Defences and Remedies

Contributed by Susan Platis, Legal Aid ACT and Ben Aulich ( and current to June 2018.


Whilst there are numerous defences to the publication of defamatory matter (see Civil Law (Wrongs) Act s135-139D), the most important and effective defence is that of truth. That is, the defamatory matter was truthful.

It is also important to note that a reasonable offer to settle or make amends is a complete defence to the publication of defamatory matter.


The legal remedies that are available for a party bringing a defamation claim are usually damages (compensation) and in very rare cases, injunctions (a court order to stop matter from being published).

The amount of damages a court will award depends on the amount and type of harm caused. Damages can be awarded for economic loss (such as loss of income) or non-economic loss (such as hurt feelings). Section 139F of the Civil Law (Wrongs) Act limits damages for non-economic unless the court considers the circumstances warrant a larger sum. Corporations cannot suffer hurt feelings and so are excluded from this type of damages.

Apologies, publication of corrections, and whether damages have already been paid in relation to another publication of the same or similar defamatory matter can affect the amount of damages payable.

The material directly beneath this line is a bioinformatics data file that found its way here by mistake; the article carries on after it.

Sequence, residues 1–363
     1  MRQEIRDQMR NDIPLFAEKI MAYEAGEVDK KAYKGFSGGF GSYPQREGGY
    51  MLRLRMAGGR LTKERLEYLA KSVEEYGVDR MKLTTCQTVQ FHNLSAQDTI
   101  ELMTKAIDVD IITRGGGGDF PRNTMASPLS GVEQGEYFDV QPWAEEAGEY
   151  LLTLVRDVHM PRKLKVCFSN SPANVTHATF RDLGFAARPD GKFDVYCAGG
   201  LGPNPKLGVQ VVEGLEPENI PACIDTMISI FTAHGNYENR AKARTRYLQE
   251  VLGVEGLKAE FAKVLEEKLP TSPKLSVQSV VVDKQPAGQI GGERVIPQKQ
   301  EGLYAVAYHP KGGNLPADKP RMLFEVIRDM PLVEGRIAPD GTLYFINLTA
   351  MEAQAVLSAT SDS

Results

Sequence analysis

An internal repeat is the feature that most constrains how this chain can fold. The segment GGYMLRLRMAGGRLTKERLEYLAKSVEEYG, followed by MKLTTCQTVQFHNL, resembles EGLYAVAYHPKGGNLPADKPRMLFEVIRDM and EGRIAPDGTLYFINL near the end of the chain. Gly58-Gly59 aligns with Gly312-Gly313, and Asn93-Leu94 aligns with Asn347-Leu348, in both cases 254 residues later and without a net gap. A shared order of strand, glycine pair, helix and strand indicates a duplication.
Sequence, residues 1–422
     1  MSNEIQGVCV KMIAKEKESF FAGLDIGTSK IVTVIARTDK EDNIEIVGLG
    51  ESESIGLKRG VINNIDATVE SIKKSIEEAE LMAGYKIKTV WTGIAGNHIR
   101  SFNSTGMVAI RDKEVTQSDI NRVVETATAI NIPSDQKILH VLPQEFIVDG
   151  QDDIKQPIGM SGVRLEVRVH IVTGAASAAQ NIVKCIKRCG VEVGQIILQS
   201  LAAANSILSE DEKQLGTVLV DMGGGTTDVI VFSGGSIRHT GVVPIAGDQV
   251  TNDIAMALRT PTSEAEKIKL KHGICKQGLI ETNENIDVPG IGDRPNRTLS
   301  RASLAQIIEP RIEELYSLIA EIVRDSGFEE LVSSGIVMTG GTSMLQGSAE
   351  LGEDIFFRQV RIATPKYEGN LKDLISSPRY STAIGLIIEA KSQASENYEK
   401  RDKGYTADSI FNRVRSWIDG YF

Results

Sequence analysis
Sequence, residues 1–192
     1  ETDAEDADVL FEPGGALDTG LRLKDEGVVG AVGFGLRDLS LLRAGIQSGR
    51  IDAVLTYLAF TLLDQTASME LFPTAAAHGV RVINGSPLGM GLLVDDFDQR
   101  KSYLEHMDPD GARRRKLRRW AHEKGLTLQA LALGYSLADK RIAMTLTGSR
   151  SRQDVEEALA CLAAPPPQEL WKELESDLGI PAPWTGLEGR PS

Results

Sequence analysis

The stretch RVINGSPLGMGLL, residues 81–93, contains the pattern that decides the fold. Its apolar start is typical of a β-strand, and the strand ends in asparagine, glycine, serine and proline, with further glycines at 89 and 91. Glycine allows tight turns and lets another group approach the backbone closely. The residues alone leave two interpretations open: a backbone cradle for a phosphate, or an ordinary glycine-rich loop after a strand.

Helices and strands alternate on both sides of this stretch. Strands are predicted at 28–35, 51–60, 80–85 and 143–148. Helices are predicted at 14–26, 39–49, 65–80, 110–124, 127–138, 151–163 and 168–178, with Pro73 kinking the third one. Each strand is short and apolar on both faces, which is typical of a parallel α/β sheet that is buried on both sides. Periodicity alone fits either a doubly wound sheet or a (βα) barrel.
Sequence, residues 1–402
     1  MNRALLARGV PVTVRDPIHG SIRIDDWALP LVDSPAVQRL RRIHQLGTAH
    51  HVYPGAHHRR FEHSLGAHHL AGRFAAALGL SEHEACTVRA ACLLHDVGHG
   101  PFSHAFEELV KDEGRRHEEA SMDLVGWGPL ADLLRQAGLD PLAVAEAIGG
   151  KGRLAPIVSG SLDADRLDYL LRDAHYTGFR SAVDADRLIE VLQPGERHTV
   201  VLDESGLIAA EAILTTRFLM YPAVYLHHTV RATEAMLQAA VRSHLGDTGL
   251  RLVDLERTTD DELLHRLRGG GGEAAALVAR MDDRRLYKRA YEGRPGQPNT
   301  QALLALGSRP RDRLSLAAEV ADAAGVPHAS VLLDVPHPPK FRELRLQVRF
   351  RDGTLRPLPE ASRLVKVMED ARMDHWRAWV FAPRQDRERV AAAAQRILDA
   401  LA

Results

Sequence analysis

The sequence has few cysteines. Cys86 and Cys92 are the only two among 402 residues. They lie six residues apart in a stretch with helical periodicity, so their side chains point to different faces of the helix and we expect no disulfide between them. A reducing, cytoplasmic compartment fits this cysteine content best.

Early Resolution

Part 9.3 of the Civil Law (Wrongs) Act provides a party who has published defamatory matter a mechanism for ‘making amends’ without litigation. A party who has received written notice of a claim for defamation, may, within 28 days of receiving the notice, offer to make amends for defaming the other party by publishing a reasonable correction and paying damages and the other party’s reasonable legal costs.

Every defamation dispute is different. Offers to make amends or settle that are not accepted and later found to have been ‘reasonable’ can provide a complete defence for the ‘publisher’ and can have costs implications for the plaintiff.


Section 139K of the Civil Law (Wrongs) Act deals with legal cost implications for defamation actions. When making cost orders, the court considers the behaviour of both parties during the legal dispute and whether any reasonable settlement offers have been made and accepted/rejected before or during proceedings. Parties should seek legal advice when making or considering offers to settle the matter. If an offer to settle is rejected and subsequently unsuccessful in court, the party rejecting the offer may be required to pay the legal costs of the other party.

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